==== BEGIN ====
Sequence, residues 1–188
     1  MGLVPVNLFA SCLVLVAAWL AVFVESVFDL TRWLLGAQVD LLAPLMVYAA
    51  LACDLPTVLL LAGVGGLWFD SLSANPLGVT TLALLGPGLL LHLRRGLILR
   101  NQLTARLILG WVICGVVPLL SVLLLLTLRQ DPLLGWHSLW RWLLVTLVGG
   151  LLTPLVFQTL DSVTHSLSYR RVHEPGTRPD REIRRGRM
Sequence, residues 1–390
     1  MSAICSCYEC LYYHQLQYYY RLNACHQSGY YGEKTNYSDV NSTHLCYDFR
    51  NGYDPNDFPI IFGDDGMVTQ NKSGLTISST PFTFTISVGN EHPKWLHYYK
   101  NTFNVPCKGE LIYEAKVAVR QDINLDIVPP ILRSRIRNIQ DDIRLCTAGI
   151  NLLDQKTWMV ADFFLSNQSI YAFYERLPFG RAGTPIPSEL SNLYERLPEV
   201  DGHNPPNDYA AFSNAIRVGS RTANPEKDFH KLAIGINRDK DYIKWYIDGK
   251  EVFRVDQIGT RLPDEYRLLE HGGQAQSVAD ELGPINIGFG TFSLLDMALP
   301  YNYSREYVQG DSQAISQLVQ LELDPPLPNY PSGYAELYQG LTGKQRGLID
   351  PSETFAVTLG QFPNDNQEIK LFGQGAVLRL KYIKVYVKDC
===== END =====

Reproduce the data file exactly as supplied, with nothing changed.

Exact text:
Sequence, residues 1–188
     1  MGLVPVNLFA SCLVLVAAWL AVFVESVFDL TRWLLGAQVD LLAPLMVYAA
    51  LACDLPTVLL LAGVGGLWFD SLSANPLGVT TLALLGPGLL LHLRRGLILR
   101  NQLTARLILG WVICGVVPLL SVLLLLTLRQ DPLLGWHSLW RWLLVTLVGG
   151  LLTPLVFQTL DSVTHSLSYR RVHEPGTRPD REIRRGRM
Sequence, residues 1–390
     1  MSAICSCYEC LYYHQLQYYY RLNACHQSGY YGEKTNYSDV NSTHLCYDFR
    51  NGYDPNDFPI IFGDDGMVTQ NKSGLTISST PFTFTISVGN EHPKWLHYYK
   101  NTFNVPCKGE LIYEAKVAVR QDINLDIVPP ILRSRIRNIQ DDIRLCTAGI
   151  NLLDQKTWMV ADFFLSNQSI YAFYERLPFG RAGTPIPSEL SNLYERLPEV
   201  DGHNPPNDYA AFSNAIRVGS RTANPEKDFH KLAIGINRDK DYIKWYIDGK
   251  EVFRVDQIGT RLPDEYRLLE HGGQAQSVAD ELGPINIGFG TFSLLDMALP
   301  YNYSREYVQG DSQAISQLVQ LELDPPLPNY PSGYAELYQG LTGKQRGLID
   351  PSETFAVTLG QFPNDNQEIK LFGQGAVLRL KYIKVYVKDC